4.10.14: The Punishing and Unrelenting Bid in the Treasury Market

Last Friday morning, April 4th, 2014, when I saw the 194,000 and then the 32,000 upward revisions in the payroll number, I thought, “This number might get Treasuries to back up a little” which was absolutely the wrong thought by the end of the day.

This week, particularly on Wednesday, when I saw the equity indices bounce after the Fed minutes I thought “We could see some selling in Treasuries, finally”, which was not correct.

This morning when I saw and heard the 300,000 and the sharp drop to get to that number from Rick Santelli at the CME, I thought “Finally, might get this Treasury bid to relent some”, which as of 2:35 pm on Thursday afternoon is the exact wrong thought.

When the 10-year Treasury finished 2013 at 3.03% on 12.31.13, I thought, “2014 should be another tough year for Treasuries, maybe as bad 2009” when in fact so far this year, the 10-year Treasury was up 6% in q1 ’14 and is up again since the start of the quarter despite the stronger economic data.

This has been our worst trade all year, and here are some possible reasons:

1.) Not only does inflation remain subdued, disinflation continues. It seemed like the Fed was starting to worry about “accelerating wage inflation” until Friday’s March ’14 jobs report showed average hourly earnings fell to 0%, from February’s +0.2%. So much for the inflation worry;

2.) Talk of deflation in Europe is rampant but it could simply be a function of a Financial Media in Europe being far worse than what we have here in the US. Supposedly the Spanish 10-year Sovereign paper is now yielding less than Treasuries, which could be bringing other buyers that were European yield-oriented into US Treasuries;

3.) Treasuries are valued over the long-term in “real-return” perspectives: a 2% inflation rate should result in a 4% 10-year Treasury yield to allow the holder of debt the long-run real return of Treasuries of 2%. At 2.60%, the 10-year Treasury is telling us that the “real” inflation rate could be between 0.5% and 1%.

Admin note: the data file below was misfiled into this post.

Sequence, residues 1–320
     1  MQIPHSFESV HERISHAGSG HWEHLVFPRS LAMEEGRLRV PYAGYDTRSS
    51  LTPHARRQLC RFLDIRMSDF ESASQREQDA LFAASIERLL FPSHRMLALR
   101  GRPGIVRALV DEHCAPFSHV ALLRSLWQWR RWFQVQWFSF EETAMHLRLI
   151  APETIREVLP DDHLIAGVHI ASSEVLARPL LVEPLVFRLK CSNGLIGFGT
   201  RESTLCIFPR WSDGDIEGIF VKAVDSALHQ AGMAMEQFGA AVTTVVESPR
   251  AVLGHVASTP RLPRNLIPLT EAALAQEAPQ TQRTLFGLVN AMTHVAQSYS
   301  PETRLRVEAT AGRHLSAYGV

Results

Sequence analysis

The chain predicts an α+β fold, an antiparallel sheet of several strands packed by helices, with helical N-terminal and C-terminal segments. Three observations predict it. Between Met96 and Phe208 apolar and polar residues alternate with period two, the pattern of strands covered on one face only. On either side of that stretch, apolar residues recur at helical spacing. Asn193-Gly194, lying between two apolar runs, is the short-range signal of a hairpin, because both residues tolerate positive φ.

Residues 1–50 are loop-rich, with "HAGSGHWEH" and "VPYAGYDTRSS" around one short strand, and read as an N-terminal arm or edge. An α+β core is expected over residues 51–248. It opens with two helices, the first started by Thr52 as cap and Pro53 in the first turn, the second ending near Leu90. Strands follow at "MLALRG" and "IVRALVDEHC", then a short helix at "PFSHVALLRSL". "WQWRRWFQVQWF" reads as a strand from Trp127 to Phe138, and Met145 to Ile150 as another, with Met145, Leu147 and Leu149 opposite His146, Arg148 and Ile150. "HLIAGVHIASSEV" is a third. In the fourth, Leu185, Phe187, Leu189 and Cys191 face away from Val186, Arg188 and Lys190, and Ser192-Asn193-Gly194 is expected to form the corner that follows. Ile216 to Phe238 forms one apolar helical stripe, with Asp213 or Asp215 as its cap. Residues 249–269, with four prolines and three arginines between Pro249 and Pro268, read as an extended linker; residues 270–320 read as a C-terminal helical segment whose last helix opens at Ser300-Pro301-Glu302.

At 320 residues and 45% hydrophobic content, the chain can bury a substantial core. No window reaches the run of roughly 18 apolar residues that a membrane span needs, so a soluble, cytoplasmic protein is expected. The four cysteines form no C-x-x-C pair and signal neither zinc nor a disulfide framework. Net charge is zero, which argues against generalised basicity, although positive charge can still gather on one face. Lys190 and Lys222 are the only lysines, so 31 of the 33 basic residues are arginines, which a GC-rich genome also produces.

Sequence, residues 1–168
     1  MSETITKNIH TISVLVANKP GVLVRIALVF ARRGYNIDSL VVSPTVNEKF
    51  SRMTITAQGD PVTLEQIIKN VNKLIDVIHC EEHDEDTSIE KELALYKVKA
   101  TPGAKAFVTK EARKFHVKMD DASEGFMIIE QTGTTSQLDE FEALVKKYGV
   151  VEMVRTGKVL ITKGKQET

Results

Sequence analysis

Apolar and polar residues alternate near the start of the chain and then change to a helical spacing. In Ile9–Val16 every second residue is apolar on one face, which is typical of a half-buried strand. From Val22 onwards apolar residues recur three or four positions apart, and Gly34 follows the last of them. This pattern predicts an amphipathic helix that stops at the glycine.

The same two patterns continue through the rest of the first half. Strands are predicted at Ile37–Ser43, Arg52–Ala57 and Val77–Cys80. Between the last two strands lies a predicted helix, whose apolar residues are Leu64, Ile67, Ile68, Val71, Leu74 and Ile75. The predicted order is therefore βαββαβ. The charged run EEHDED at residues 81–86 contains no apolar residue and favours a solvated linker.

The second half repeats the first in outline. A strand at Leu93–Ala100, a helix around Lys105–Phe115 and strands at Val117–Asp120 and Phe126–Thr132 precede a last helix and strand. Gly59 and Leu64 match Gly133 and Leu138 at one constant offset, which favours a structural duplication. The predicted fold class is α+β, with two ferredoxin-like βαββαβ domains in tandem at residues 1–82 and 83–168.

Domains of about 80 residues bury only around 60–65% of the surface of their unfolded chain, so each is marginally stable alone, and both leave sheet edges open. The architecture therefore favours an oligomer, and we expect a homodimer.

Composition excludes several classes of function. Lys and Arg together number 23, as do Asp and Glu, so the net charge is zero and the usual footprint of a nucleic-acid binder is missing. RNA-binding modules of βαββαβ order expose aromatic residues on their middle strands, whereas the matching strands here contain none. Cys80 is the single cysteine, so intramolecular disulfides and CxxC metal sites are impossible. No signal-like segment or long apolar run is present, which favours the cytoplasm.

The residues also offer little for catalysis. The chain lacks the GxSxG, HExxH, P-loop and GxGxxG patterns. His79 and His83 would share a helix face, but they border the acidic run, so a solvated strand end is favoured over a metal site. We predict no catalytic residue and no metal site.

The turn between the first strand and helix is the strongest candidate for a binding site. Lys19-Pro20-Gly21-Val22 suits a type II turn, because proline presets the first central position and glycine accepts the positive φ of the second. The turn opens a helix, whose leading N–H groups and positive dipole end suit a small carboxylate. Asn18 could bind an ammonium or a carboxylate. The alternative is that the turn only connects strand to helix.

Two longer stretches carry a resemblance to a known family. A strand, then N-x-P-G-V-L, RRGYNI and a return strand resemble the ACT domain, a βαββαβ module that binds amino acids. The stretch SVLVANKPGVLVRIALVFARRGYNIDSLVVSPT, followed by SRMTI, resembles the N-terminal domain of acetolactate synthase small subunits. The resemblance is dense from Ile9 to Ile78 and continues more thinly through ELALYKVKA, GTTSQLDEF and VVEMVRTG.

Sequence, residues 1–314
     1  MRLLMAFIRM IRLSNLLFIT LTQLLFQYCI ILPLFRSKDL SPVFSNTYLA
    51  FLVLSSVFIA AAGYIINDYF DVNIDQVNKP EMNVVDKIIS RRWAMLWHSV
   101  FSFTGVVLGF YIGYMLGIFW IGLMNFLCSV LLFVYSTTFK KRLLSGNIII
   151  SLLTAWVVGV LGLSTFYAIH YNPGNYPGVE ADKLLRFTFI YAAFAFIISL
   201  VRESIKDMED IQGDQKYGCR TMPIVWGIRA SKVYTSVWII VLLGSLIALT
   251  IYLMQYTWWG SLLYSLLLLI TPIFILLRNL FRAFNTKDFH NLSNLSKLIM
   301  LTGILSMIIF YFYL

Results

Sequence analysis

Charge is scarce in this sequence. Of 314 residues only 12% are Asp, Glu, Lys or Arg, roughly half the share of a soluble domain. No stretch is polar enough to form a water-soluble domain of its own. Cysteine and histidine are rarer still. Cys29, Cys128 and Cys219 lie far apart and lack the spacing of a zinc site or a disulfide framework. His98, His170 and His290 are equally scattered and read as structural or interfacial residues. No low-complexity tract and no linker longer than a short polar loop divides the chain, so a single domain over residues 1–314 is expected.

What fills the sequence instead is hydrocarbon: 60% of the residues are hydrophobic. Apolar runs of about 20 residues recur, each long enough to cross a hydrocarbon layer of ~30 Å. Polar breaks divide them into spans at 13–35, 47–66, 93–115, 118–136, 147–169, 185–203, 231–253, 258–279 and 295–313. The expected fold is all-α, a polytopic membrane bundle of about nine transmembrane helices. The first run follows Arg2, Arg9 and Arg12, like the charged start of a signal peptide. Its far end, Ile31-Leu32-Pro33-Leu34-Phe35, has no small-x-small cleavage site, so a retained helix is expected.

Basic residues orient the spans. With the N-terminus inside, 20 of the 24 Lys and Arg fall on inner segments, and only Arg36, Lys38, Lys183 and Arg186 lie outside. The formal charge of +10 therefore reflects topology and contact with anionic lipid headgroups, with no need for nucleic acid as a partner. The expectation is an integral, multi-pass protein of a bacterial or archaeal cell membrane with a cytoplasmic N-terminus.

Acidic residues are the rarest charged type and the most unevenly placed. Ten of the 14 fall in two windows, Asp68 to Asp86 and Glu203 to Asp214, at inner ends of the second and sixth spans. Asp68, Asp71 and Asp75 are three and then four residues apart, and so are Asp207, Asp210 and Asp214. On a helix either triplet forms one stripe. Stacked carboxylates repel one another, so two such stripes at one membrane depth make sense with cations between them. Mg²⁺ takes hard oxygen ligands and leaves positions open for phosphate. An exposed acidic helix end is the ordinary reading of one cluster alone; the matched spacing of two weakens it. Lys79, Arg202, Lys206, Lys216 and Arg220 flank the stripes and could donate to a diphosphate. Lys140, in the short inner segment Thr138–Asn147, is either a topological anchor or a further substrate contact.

4.) The Fed’s favorite inflation indicator, the PCE deflator, was – the last I heard – near 1.2%, although I’m too lazy to look.

Nuveen’s muni high yield fund available from Schwab (NHMAX) is yielding 6.11% and that is a tax-exempt yield. The HYG is yield 5.93% and is down a whopping 0.20% despite the crushing of stocks, which tells me the credit market is taking equity market in stride.

Waiting on a bear market in Treasuries has been like Waiting on Godot. Part of the reason could be that there has been so many similarly positioned as Trinity has been with little duration risk, lots of short-term paper, and scared of a back up in rates. Seriously, if you go back to 2003, and the early days of the start of Gulf War II, Rick Santelli would give the JP Morgan portfolio manager survey every Tuesday morning, and there would consistently be a 90% – 93% bearish sentiment reading on Treasuries, meaning 90% – 93% of managers would be short their duration benchmark.

The crowd has been wrong again, and we’ve been a part of the trade.

Very frustrating, and ugly, The TBF Inverse Treasury has been our worst trade year-to-date. We sold our small-cap’s, and Goldman Sachs, and some other “hot” stocks and sectors, but managed to tinkle into the wind with a 10% – 15% Treasury short.

Just had to vent. This too shall pass.

Trinity Asset Management, Inc. by:

Brian Gilmartin, CFA

Portfolio manager

 

 

 

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